Desire is the magical reagent driving all life. The will to produce, to reproduce, to deliver.
With Death and the Maiden, playwright Ariel Dorfman explores desire: political, sexual, and personal by resurrecting the classical ideal of dancing with death behind both Franz Schubert’s string quartet and his own brushes with ruin. That exploration has been propped up for Kansas City audiences at Union Station’s City Stage by Kansas City Actor’s Theater (KCAT).
Though set in a conjured place within a fictitious context, it doesn’t take leaps to assume Doorman’s Death is informed by the infamous Chilean golpe de estado dethroning Presidente Salvador Allende by United States supported Augusto Pinochet.
However, productions of Death and the Maiden have been sprouting up since 2016, in an effort to contextualize a Trump climate, particularly in light of a New York Times op-ed by Dorfman himself cinching together the parallels between a 1970 United States manipulated Chile and a 2015 alleged Russia manipulated United States.
With its beautifully and simply executed interpretation helmed by Kansas City colossus Cinnamon Schultz, KCAT admittedly joins in with a rigorously verbal international chorus taking this nation to task for its perceived political irresponsibility.
In Death and the Maiden, the pure and innocent want of the citizen is embodied by Paulina Salas (Vanessa Severo), a woman abducted and then tortured at the hands of Dr. Miranda and Roberto Miranda (Robert Gibby Brand). She now holds the doctor captive at gunpoint, personifying the corruption of that innocence.
Paulina is married to Gerardo (Rusty Sneary), once a victim of the previous state and now a high-level employee of an evolving one. Their ill-fated threesome of crime and punishment builds into a tangled thriller of uncertainty and forces them to come to terms with who they really are, what will make them alive, and what they truly desire. Revenge or freedom.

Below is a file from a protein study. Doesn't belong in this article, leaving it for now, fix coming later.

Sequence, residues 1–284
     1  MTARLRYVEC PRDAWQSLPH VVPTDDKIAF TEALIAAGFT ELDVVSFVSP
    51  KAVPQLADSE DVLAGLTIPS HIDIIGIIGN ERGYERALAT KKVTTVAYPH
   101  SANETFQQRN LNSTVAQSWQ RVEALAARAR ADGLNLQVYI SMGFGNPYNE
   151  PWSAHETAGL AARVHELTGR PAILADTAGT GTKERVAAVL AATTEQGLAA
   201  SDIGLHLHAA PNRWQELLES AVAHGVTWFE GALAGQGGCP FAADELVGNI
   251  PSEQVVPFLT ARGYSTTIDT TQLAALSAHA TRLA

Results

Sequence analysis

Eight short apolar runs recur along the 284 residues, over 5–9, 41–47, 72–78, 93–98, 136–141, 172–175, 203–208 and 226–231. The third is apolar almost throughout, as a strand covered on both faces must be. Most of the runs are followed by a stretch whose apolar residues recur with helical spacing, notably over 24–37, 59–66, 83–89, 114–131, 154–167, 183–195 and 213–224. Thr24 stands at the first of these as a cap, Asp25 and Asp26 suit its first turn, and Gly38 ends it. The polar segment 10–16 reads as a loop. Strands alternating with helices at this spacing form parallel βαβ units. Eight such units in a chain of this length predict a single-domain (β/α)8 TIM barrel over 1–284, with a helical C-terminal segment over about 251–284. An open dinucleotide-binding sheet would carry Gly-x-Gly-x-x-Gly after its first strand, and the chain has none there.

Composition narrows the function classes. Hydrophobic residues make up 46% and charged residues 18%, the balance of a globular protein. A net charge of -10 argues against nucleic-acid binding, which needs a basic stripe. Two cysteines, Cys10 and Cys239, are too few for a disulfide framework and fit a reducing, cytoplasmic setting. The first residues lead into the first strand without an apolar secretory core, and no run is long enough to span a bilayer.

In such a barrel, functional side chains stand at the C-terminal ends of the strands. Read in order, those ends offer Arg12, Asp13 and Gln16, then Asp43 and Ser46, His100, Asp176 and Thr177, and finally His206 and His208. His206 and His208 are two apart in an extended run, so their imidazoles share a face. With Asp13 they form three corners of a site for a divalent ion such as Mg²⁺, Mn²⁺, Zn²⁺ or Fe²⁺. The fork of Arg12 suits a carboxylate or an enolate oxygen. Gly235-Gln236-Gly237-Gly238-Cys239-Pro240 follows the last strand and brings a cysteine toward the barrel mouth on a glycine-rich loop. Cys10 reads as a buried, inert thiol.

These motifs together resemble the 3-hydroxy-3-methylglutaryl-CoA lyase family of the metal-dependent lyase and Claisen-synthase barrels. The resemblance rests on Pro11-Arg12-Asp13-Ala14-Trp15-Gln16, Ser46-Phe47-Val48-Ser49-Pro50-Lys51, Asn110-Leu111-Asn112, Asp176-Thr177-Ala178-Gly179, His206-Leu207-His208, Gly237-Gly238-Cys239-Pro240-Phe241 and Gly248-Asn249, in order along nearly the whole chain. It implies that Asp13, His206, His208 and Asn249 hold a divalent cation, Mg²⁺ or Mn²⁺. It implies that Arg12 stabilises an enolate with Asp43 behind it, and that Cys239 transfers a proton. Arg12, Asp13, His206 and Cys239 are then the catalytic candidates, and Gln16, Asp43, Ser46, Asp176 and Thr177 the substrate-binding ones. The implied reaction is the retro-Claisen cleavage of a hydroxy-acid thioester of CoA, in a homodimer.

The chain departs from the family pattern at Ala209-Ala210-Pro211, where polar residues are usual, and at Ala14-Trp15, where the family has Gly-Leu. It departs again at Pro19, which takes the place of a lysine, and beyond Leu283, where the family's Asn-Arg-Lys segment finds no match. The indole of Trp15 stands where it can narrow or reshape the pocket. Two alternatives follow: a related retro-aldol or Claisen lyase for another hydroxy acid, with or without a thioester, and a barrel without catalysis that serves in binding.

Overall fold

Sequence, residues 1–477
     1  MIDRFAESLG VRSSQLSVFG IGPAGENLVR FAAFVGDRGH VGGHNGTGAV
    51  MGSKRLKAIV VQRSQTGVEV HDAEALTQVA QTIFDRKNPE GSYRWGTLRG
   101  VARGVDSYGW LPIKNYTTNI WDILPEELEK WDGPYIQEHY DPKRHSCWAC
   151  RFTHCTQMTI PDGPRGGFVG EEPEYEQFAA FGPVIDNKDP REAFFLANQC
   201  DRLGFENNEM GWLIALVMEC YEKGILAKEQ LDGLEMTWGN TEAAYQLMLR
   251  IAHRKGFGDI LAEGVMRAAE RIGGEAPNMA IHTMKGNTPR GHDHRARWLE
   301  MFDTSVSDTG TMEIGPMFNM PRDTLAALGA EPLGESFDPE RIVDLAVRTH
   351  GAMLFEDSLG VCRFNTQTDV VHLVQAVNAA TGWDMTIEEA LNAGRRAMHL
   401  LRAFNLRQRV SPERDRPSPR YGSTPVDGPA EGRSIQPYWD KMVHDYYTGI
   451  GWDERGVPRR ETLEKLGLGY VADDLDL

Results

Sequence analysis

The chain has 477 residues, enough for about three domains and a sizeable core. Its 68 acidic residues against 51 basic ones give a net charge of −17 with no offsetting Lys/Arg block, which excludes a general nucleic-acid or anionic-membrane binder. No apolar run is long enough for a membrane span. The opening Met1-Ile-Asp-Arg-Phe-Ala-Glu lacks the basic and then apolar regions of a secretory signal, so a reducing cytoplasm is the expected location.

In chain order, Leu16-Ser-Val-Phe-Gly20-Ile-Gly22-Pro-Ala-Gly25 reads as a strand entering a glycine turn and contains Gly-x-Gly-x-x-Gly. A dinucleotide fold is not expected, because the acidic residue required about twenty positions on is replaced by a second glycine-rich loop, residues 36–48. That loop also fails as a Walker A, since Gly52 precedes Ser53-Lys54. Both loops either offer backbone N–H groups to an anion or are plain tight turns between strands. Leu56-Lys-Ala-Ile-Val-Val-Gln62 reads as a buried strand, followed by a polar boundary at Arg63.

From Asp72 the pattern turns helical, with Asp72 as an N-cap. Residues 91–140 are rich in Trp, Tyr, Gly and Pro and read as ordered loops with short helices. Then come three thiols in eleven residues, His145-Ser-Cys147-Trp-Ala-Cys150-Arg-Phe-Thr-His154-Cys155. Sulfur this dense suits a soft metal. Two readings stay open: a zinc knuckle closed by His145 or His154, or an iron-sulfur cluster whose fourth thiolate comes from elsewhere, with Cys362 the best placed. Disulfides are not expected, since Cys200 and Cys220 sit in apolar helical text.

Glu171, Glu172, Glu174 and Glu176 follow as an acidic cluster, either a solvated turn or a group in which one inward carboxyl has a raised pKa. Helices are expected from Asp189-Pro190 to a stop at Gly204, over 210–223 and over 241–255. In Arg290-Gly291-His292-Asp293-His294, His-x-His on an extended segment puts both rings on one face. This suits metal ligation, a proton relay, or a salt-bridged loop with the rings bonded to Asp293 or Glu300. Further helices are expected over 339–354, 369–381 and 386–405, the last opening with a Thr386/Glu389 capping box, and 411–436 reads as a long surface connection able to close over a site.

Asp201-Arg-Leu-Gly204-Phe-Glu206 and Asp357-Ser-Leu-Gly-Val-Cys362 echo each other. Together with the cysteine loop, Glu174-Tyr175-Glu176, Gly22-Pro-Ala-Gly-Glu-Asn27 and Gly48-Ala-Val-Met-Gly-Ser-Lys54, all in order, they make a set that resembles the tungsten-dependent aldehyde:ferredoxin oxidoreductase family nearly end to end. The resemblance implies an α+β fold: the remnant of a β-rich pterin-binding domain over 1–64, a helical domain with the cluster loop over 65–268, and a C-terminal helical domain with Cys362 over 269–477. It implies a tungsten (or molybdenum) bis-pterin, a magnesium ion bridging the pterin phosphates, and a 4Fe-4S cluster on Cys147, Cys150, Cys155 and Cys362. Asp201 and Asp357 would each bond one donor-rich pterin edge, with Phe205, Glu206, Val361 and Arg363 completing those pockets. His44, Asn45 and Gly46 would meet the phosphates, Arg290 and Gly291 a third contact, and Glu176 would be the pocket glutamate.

A play of duality, Death and the Maiden is powerful in its emotional embankment pressing at the edge, but avoids becoming contentious in its political criticism because of an almost unintelligible narrative. In part because of the smart staging, the story is hyper-focused on the dynamics between the three and the socio-political storm they represent.
There is a split picture window in the Salas-Escobar living room where Miranda is kept prisoner and in the distance the waves of the Pacific crash. Darkness like what Paulina must have experienced while blindfolded by her captors becomes a motif. We hear the very effective, mournful cry of violins and we see those waves.
A haunting sensory experience to accompany the chilling dance between Severo and Brand, they recreate the torment she has experienced these past 15 years. Brand is magnificent in his portrayal of an affable Dr. Miranda, holding the moments, finessing them as his Miranda teeters between possible victim and probable fiend.
At first, it’s not clear where we are, who this couple is, what this is all about. Then, in darkness, we are oriented.
City Stage at Union Station
Through January 27
Robert Gibby Brand, Vanessa Severo, and Rusty Sneary